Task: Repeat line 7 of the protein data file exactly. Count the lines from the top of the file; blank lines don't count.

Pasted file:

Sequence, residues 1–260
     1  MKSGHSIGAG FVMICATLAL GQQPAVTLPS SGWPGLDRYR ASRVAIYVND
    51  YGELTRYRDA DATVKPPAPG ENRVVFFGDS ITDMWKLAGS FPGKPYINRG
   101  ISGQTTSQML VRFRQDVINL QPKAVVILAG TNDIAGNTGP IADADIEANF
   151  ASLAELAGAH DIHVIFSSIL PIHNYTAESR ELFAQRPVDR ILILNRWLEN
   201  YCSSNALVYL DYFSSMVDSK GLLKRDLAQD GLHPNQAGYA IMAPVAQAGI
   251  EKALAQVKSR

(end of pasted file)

   251  EKALAQVKSR